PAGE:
1. Henly, Susan J.

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All of the world's 7.4 billion souls are affected, in some way, by the unprecedented human migration occurring everywhere. The United Nations (2016) estimated that, last year, 244 million people were international migrants living in a country other than where they were born, an uptick of 41% from 2000. Internal migration-change of residence within national borders-is difficult to index and compare across nations but is also high in many parts of the world ( Among those who migrated in 2015, 65.3 million were forcibly displaced, 21.3 million (including 5.2 million registered Palestinians) were refugees, and 10 million were stateless ( Globally, nurses are also on the move (Nichols, Davis, & Richardson, 2010).


This level of displacement is the highest in human history. Vast economic and political powers that can be difficult to comprehend are in force. That migrating individuals and families experience immediate and long-term health consequences placing major limits on physical, emotional, and social well-being is clear, however. Economic migrants face adaptations to new cultures. Asylum seekers and refugees face perilous journeys. Social media and the news show haunting and unforgettable images of danger-often ending in death-and entrapment in camps with little hope of moving to a place of safety. Those who reach a secure destination are challenged with resettlement in all spheres of their lives. The history of past migrations under coercion and duress teaches that social, economic, and health outcomes are long-lasting, affecting generations: Think about the Middle Passage of the slave trade, the Cherokee Trail of Tears, the Great Hunger of Ireland, and the Vietnamese "Boat People."


The challenges for today's host countries and healthcare systems in responding to the physical and emotional aspects of migrant health are staggering. Echoing Robertson and Hoffman (2014), "There is nursing work to be done to[horizontal ellipsis]more intentionally connect the human rights framework with the actions of nurses[horizontal ellipsis]to address the complex problems associated with displacement and resulting in health inequities." The responsibilities of nurses are to promote health, prevent illness, restore health, and alleviate suffering while respecting human rights and the values, customs, and spiritual beliefs of those receiving care (International Council of Nurses, 2012). Effective and compassionate enactment of nursing for migrants in concordance with our codes of ethics depends on a knowledge base for practice that is sorely in need of development.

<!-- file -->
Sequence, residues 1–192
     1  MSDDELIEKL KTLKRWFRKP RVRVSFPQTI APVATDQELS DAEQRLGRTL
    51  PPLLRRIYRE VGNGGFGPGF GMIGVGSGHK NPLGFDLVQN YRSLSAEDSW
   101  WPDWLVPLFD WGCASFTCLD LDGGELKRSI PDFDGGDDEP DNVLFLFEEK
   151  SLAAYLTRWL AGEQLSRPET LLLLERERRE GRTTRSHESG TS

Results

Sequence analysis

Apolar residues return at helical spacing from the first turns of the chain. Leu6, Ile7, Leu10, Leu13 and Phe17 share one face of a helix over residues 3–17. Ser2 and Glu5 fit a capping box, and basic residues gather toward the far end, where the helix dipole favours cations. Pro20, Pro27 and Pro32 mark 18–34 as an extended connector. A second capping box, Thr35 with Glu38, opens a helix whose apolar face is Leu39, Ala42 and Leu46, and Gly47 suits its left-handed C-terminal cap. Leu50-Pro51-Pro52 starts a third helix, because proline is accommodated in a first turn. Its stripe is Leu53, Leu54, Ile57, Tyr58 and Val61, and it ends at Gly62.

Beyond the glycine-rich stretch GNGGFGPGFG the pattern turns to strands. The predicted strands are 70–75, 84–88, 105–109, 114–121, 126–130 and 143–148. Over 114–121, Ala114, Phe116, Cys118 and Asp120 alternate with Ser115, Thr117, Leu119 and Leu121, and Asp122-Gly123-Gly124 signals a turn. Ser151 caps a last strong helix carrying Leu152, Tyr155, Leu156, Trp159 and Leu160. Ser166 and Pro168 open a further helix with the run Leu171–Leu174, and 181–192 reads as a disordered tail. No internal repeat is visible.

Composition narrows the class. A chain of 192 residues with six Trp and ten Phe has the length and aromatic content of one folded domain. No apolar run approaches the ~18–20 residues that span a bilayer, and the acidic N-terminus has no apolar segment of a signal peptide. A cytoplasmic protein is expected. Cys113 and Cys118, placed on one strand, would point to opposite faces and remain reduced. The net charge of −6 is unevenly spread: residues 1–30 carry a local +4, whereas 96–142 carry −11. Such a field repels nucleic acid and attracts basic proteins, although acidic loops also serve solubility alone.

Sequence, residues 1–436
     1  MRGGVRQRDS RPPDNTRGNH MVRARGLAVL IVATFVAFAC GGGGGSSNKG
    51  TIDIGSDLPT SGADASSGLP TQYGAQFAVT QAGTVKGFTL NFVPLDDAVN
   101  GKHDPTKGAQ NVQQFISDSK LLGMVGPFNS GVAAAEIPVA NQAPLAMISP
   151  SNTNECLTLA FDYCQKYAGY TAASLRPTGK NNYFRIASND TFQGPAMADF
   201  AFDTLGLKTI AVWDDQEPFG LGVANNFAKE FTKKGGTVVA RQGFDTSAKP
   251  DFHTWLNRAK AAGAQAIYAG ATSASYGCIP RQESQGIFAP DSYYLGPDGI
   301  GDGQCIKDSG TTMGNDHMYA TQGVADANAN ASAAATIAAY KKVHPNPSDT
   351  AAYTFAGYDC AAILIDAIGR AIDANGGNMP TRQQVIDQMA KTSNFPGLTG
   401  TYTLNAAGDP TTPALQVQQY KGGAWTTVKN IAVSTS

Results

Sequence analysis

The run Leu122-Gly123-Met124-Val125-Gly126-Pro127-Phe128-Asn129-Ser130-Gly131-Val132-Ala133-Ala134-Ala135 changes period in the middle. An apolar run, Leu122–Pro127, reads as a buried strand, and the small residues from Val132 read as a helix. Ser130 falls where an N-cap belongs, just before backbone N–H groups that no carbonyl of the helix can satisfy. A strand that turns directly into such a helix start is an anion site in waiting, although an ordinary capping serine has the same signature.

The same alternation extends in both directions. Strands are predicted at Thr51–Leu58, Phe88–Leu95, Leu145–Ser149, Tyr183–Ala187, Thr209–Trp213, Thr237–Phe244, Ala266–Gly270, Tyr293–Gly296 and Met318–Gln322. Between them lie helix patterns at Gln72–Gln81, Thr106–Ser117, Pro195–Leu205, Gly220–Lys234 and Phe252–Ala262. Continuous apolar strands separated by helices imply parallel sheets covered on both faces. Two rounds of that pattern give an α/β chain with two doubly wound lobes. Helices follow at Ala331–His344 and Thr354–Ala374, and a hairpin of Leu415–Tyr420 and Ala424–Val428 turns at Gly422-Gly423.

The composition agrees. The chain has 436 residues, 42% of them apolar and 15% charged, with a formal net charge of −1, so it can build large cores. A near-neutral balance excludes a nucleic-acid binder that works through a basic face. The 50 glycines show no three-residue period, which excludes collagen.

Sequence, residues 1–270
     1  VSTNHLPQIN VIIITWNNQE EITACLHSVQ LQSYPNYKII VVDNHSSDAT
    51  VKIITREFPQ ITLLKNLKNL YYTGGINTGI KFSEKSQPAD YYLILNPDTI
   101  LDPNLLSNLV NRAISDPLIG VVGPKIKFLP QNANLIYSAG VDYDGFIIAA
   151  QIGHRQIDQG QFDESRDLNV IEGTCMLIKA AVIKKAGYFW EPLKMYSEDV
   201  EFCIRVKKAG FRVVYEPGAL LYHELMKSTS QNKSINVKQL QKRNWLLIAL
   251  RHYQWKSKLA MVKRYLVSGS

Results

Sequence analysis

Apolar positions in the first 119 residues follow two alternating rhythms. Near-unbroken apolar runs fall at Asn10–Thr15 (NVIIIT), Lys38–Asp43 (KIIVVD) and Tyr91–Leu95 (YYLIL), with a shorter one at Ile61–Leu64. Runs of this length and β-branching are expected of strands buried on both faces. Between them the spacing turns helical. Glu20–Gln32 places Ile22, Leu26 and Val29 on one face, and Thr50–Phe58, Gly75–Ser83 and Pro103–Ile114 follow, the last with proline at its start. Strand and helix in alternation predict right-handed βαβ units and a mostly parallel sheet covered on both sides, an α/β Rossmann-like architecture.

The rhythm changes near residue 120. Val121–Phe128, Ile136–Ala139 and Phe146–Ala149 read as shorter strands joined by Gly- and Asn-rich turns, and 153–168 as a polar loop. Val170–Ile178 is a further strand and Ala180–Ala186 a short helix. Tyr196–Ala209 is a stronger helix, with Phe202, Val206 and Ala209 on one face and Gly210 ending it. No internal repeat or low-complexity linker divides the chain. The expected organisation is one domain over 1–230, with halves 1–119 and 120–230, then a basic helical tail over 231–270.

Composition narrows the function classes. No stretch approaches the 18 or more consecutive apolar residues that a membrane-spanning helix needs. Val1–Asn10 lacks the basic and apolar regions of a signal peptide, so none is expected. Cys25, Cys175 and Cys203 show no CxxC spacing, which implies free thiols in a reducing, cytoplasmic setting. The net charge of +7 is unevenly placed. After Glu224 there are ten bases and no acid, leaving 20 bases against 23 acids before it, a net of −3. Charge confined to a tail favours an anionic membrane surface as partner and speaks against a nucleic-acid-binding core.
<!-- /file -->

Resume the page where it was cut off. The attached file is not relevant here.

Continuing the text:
China is currently experiencing international and domestic migration related to massive economic expansion and urbanization. In this issue, Li, He, Luo, and Zhang (2016) describe the conflicts and challenges arising in hospital care attributed to cultural and linguistic differences between patients who are migrants and hospital staff, including nurses. Nurses within China are also migrating, creating similar issues when proving care to patients from the local area. Their research focuses on understanding the perceived transcultural self-efficacy of nurses; their hope is that findings can be used to design on-going education to enhance transcultural self-efficacy of hospital nurses to improve nursing care for the increasingly diverse populations served by Chinese hospitals.


All human beings have the right to the highest attainable standard of health ( Nurses have a critical role in supporting migrants to lay claim to that right. Transcultural nursing research focused on physical and emotional compromises to health of migrants and pathways to health equity is needed to inform nursing care. It is among the highest of priorities for nursing research.




International Council of Nurses. (2012). The ICN code of ethics for nurses (Revised 2012). Geneva, Switzerland: Author. [Context Link]


Li J., He Z., Luo Y., & Zhang R. (2016). Perceived transcultural self-efficacy of nurses in general hospitals in Guangzhou, China. Nursing Research, 65, 371-379. 10.1097/NNR.0000000000000174 [Context Link]


Nichols B. L., Davis C. R., & Richardson D. R. (2010). An integrative review of global nursing workforce issues. Annual Review of Nursing Research, 28, 113-132. doi:10.1891/0739-6686.28.113 [Context Link]


Robertson C. L., & Hoffman S. J. (2014). Conflict and forced displacement. Human migration, human rights, and the science of health [Editorial]. Nursing Research, 63, 307-308. doi:10.1097/NNR.0000000000000058 [Context Link]


United Nations, Department of Economic and Social Affairs, Population Division. (2016). International migration report 2015: Highlights [ST/ESA/SER.A/375]. New York, NY: Author. [Context Link]